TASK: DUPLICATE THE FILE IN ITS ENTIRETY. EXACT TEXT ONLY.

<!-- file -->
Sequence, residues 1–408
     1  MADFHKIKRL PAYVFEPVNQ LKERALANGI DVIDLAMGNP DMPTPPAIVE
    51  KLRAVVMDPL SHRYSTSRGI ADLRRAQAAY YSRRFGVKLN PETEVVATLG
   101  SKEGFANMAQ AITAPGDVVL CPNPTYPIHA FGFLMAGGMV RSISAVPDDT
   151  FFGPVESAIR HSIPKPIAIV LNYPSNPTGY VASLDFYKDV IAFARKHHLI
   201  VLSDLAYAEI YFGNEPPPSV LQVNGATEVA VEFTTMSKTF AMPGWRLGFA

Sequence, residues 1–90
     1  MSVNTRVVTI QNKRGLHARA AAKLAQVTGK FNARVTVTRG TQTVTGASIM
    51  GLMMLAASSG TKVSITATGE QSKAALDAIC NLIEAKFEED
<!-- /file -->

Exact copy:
Sequence, residues 1–408
     1  MADFHKIKRL PAYVFEPVNQ LKERALANGI DVIDLAMGNP DMPTPPAIVE
    51  KLRAVVMDPL SHRYSTSRGI ADLRRAQAAY YSRRFGVKLN PETEVVATLG
   101  SKEGFANMAQ AITAPGDVVL CPNPTYPIHA FGFLMAGGMV RSISAVPDDT
   151  FFGPVESAIR HSIPKPIAIV LNYPSNPTGY VASLDFYKDV IAFARKHHLI
   201  VLSDLAYAEI YFGNEPPPSV LQVNGATEVA VEFTTMSKTF AMPGWRLGFA

Sequence, residues 1–90
     1  MSVNTRVVTI QNKRGLHARA AAKLAQVTGK FNARVTVTRG TQTVTGASIM
    51  GLMMLAASSG TKVSITATGE QSKAALDAIC NLIEAKFEED